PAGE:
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SEVIER COUNTY — An early summer wildfire season is putting firefighters on the front lines across the state. Thursday evening, there were seven large fires burning in Utah.
Three of the fires are burning in south-central Utah, within a close proximity with one another. Firefighters are gaining ground on the Lake Creek Fire, but they are still struggling to contain the Lost Lake and the Box Creek fires — which have each grown to more than 2,300 acres in just a few days.
Box Creek Fire
In Sevier County Thursday, there wasn't nearly as much smoke as there has been the past few days. But Sandy Nelson with the U.S. Forest Service said that's simply because there's not as much wind.
The Box Creek Fire is still burning and, in some places, still a concern. Nelson said the Forest Service has employed "bulldozers and hand crews to keep it away from private structures and people's property."
A lot of this fire is burning is very rugged terrain, where the only way to get to the fire is to hike there. A helicopter has been dumping water where it's even harder to get to.
A prescribed burn is blamed for sparking the blaze — but it's a complicated story.
Last month, the Forest Service found roughly 2,300 acres near Greenwich, in Piute County, that were overgrown and quickly becoming a huge wildfire danger.
The Forest Service decided to light 200 acres of it, doing small patches at a time so they could control it. Those 200 acres were a success, so they lit another 650 acres.
That was a success, too, but to be safe they kept a few dozen firefighters on the mountain to watch it. That's standard procedure, and six days later they started pulling crews off.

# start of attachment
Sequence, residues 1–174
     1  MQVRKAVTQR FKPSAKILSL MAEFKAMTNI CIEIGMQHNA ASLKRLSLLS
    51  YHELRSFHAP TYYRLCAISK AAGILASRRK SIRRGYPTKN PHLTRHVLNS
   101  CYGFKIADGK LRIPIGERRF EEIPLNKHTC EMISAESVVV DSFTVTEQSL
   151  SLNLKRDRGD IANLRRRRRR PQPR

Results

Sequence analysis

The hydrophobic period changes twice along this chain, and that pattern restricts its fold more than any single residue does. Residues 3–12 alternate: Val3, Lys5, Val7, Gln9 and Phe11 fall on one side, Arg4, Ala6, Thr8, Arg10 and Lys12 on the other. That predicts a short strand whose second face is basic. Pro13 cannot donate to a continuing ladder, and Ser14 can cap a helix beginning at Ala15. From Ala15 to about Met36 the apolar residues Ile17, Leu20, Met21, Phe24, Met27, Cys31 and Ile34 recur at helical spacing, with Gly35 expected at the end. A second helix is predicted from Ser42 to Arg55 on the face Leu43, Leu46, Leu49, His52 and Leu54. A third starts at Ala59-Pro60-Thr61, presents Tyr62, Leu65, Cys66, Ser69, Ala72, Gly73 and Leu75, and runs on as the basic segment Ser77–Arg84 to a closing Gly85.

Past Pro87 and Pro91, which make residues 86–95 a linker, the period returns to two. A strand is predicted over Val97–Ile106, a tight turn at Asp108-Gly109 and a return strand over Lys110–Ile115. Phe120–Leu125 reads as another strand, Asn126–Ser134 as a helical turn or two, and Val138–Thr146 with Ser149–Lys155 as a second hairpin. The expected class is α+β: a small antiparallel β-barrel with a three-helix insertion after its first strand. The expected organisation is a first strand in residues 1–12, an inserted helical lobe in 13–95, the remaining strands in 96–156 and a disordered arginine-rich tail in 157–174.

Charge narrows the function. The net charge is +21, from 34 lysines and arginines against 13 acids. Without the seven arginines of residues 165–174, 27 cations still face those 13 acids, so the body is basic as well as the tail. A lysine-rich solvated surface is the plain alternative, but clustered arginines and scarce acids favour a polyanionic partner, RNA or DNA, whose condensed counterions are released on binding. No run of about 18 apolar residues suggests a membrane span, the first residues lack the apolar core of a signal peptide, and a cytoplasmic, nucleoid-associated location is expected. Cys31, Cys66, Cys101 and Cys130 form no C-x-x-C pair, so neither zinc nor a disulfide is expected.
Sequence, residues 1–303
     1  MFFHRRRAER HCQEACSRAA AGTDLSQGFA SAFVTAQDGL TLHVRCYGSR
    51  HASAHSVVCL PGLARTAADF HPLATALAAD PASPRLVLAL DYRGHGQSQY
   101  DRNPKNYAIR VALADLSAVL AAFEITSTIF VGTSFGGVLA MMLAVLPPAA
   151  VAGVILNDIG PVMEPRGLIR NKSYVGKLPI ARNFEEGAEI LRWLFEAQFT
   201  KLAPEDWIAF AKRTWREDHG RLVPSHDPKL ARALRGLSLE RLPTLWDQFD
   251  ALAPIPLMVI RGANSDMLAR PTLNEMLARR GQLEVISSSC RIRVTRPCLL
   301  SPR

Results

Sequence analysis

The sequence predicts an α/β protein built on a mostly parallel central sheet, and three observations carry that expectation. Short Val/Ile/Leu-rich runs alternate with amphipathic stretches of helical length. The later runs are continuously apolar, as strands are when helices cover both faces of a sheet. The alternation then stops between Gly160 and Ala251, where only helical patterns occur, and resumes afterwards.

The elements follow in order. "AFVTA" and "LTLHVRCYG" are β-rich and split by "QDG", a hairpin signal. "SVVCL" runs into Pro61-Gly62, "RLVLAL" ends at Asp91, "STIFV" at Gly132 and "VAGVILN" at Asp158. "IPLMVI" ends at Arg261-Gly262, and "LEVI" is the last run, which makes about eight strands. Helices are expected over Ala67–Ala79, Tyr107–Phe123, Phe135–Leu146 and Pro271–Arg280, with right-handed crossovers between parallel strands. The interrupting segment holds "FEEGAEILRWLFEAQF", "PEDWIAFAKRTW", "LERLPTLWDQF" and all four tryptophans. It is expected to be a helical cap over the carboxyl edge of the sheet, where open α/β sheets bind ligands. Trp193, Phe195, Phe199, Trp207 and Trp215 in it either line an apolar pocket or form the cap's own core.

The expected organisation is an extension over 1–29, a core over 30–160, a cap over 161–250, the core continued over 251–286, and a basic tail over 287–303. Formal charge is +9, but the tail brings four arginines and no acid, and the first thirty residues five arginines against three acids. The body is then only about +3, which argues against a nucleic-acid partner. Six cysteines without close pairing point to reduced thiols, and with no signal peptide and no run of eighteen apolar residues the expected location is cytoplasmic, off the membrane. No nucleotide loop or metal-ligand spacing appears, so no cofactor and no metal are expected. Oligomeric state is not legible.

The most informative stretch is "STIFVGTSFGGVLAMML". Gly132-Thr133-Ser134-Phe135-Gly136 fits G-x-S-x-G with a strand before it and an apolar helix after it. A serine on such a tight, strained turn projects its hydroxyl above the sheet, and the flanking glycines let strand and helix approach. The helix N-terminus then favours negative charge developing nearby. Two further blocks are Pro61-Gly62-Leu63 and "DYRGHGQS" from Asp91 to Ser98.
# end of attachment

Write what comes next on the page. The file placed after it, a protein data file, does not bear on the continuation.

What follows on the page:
"On day number seven, unfortunately, we got winds upwards of 30-50 miles per hour," said Jason Kling, district ranger with the U.S. Forest Service.
Those winds couldn't have been predicted almost two weeks prior to starting their burn.
... all it took was an ember, Kling says, that "blew across the meadow and landed into some heavy, thick, dead and down (brush). And with the wind, it took off on us."
"We were completely within those parameters and felt comfortable when we did that," Kling said.
But winds fanned the spot, and all it took was an ember, Kling says, that "blew across the meadow and landed into some heavy, thick, dead and down (brush). And with the wind, it took off on us."
The Forest Service also says there were no red flag warnings when they lit the fire, and none predicted.
Lost Lake Fire
The Lost Lake Fire us burning near Teasdale in Wayne County. It is also in rugged terrain, but access to get to flames is a little easier than the other fire.
"It's only the beginning of the fire season, and we're already seeing extreme conditions," said Brandon Hoffman, fire operations manager for the Lost Lake fire.
Community meetings were held Wednesday for both fires. There, fire crews explained what they were doing and where residents could ask questions.
Three homes were evacuated just outside of Teasdale, but only one was being lived in; the other two are summer cabins.
Crews say with as dry as it is out there, and no rain in sight, they just want people to be careful with fires. All it takes is a single ember to spark a huge wildfire.
"I can't stress enough how people need to think about if they are going to have a campfire or where they are going to put it," Hoffman said.
The cause of the fire is still being investigated.
Meanwhile, three more fires are burning in eastern Utah. They were started by lightning, but they've only burned about 200 acres combined.
The largest fire in the state was also sparked by lightning on June 1. Since then, the White Rock fire has scorched more than 6,300 acres along the Nevada border. As of 5 p.m. Thursday it was 65 percent contained.